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One woman's quest for fewer spots and wrinkles can help you fight the signs of aging, too

By Coco Myers

WebMD Feature from "Good Housekeeping" Magazine

Found: Younger-Looking Hands

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Like most women, I fret about lines and blotches on my face, but I mostly ignore my hands. Sure, I get a manicure now and then, and I slather on cream when I remember to. But otherwise, I barely give them a second thought. Then one day, after a very stressful period in my life, I looked down and barely recognized them: When had my hands become so paper-dry, wrinkly, veiny, and splattered with spots? For all the TLC I give my face, I realized that my hands were a dead giveaway of my age — 52. (In fact, research shows that most people can accurately guess how old a woman is just by looking at her hands.) I soon grew tired of wearing long sleeves as a disguise, so I resolved to give my hands a "lift." Over six months, I tried a spectrum of at-home and in-office treatments. Here's what I learned from the pros...and what really worked.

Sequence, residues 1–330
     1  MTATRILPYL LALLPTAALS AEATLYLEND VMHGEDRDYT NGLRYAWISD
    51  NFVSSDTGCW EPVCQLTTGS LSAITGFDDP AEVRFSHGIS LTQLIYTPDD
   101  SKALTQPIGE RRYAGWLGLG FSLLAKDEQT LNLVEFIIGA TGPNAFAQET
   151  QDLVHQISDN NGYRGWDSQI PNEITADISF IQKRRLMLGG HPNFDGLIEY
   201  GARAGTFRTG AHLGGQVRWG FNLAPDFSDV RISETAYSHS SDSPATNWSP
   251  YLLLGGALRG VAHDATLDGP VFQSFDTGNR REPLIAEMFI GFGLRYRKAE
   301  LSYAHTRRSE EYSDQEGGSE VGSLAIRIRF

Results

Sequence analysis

Skin needs moisture to stay soft and supple. When water in the top layer escapes, the texture becomes flaky. The catch: Water is also skin's potential enemy, because it can wash away the lipids that help hold on to moisture. Excessive hand-washing can strip away these natural oils and dry out hands, as can detergents, alcohol-based sanitizers, and abrasive scrubs. Redness and chapping often follow.


Switch to gentle, fragrance-free hand and dish soaps. To minimize your exposure to water, whenever possible use a non-soap cleanser like Cetaphil Gentle Skin Cleanser ($4.49, drugstores), which you can wipe off with tissue, and invest in a good pair of dish gloves.

After washing your hands or having any other contact with water — shampooing your hair or rinsing vegetables, for example — think defensively, and apply moisturizer. Skip lotions, which are light, and go straight to heftier sealants — creams and ointments. In a cream, look for glycerin or petrolatum; Curél, Moisturel, and Eucerin all make good, thick ones. For an ointment, try Neutrogena Norwegian Formula Hand Cream ($4, drugstores). Too greasy? I rub my fingertips on a hand towel to get the residue off. If you're battling redness, check ingredients for an anti-inflammatory like chamomile or aloe. And keep multiple tubes within arm's reach — in a desk drawer, kitchen drawer, handbag, or car — so you actually use them.

Brush Up on Beauty

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